ELKINS, W.Va. — A man cited after Natural Resources Police found 17 snakes in his possession had no ill intent with the critters.

The man, whose name has not been released, was cited when Division of Natural Resources Police officers received a tip from biologists from other states who happened to be in the National Forest in Tucker County and ran into the man as he was catching the snakes. They got a license plate number and reported it to the DNR.

“We went to his house with a search warrant, but we didn’t have to execute it,” said Cpl. Greg Smith. “He didn’t have the snakes in the house, he had them in a cage built on his porch.”

Smith said the man was completely cooperative with officers. He was an amateur herpetologist according to investigators and was simply interested in rattlesnakes and sharing knowledge about them with others.

“He was not a hater of snakes, he was a lover of them. His grandfather caught snakes, it was sort of a family tradition,” Smith explained. “They caught snakes, kept them, and then took them back to the original den by the first of September when they had their young.”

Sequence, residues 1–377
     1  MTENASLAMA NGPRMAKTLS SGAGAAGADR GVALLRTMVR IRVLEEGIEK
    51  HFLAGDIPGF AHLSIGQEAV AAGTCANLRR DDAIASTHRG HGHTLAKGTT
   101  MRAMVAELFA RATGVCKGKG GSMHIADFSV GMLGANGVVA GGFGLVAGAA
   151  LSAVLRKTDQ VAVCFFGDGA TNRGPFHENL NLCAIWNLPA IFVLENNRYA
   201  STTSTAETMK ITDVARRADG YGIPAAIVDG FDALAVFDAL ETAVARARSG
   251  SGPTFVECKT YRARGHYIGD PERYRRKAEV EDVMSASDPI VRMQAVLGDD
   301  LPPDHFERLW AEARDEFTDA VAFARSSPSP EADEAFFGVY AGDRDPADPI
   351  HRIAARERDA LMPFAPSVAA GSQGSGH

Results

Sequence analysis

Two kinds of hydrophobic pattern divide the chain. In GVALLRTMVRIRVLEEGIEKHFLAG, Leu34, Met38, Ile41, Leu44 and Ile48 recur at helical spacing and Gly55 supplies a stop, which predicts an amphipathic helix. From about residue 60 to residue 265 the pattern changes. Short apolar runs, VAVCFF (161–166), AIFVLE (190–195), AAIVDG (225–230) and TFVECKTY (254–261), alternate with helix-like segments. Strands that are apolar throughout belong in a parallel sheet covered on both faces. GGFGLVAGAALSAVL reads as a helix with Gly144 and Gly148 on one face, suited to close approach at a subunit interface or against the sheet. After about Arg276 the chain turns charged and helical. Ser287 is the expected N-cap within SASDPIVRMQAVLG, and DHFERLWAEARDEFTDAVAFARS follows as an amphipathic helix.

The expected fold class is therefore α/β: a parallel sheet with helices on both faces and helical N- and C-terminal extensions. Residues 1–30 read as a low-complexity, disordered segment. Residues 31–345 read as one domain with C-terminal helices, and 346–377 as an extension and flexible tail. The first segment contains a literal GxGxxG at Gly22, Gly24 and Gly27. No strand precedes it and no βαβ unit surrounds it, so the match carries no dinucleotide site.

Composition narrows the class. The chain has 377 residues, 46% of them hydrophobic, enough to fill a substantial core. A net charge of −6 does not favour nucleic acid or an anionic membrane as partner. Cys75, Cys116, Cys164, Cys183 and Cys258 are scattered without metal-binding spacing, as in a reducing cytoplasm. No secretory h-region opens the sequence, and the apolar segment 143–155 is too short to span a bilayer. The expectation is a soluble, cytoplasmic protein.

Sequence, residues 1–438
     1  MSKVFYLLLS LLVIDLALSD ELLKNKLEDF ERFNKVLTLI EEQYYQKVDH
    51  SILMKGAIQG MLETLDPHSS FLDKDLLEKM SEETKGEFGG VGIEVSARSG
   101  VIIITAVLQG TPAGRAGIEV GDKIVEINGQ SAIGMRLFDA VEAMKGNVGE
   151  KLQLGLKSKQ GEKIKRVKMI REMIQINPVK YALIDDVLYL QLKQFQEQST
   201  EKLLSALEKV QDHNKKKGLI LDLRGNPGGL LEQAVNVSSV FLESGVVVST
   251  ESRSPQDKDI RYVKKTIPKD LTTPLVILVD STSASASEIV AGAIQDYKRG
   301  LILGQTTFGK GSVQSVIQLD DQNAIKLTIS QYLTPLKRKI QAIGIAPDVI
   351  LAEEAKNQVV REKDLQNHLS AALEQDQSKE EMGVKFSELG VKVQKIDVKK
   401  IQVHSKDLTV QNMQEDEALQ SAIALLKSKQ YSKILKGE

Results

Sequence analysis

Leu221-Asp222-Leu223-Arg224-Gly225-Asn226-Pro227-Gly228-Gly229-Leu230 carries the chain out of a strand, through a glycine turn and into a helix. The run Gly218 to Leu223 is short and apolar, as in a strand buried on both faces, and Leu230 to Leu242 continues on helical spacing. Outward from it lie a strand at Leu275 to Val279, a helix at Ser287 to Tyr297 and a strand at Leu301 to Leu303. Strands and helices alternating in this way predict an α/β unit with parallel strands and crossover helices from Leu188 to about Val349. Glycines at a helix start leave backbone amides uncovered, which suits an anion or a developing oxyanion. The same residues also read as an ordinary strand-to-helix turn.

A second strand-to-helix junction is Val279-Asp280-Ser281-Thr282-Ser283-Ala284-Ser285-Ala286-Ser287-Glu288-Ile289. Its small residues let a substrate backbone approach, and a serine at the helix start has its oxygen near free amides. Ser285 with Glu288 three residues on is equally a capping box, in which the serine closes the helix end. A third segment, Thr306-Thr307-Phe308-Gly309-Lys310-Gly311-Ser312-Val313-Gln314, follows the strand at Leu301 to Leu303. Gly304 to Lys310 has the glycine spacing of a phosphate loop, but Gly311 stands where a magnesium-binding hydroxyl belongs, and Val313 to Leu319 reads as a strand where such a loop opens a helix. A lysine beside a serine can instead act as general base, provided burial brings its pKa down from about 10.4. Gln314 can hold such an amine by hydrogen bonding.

The suspect went so far as to mark the snakes so he would know where to return them in the woods. He assisted DNR biologists in returning the snakes to the dens where they were captured.   He even helped the team discover a new rattlesnake den they were previously unaware existed. Despite his compassion and interest, his actions still were in violation of the possession law, which is one rattlesnake over 42 inches  per person. Legally he could have had three in his possession legally since his son and wife are also in the home.  However, he had also captured them on the National Forest–a separate violation.

“He’s now aware of the possession limit, but you also still cannot take them off national forest or state property,” said Smith. “There will be multiple charges, but I’d like stress the guy was very cooperative. He wasn’t killing the snakes and he helped return them, so we take that into account when we cite somebody.”

The West Virginia DNR is currently engaged in a study of rattlesnakes to hopefully get a better handle on their numbers in the Mountain State. The study aims to also gauge the overall health of the species in West Virginia.  Although not necessarily “endangered” rattlesnake numbers have dropped in recent years by an alarming rate according to the DNR.